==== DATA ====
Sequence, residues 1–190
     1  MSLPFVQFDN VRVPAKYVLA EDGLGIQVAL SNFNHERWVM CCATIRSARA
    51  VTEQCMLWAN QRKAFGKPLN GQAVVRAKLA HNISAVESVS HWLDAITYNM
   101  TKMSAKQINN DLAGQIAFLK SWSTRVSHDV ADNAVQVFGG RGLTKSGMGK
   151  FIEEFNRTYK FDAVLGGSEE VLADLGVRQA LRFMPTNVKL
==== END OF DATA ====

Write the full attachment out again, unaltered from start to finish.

Sequence, residues 1–190
     1  MSLPFVQFDN VRVPAKYVLA EDGLGIQVAL SNFNHERWVM CCATIRSARA
    51  VTEQCMLWAN QRKAFGKPLN GQAVVRAKLA HNISAVESVS HWLDAITYNM
   101  TKMSAKQINN DLAGQIAFLK SWSTRVSHDV ADNAVQVFGG RGLTKSGMGK
   151  FIEEFNRTYK FDAVLGGSEE VLADLGVRQA LRFMPTNVKL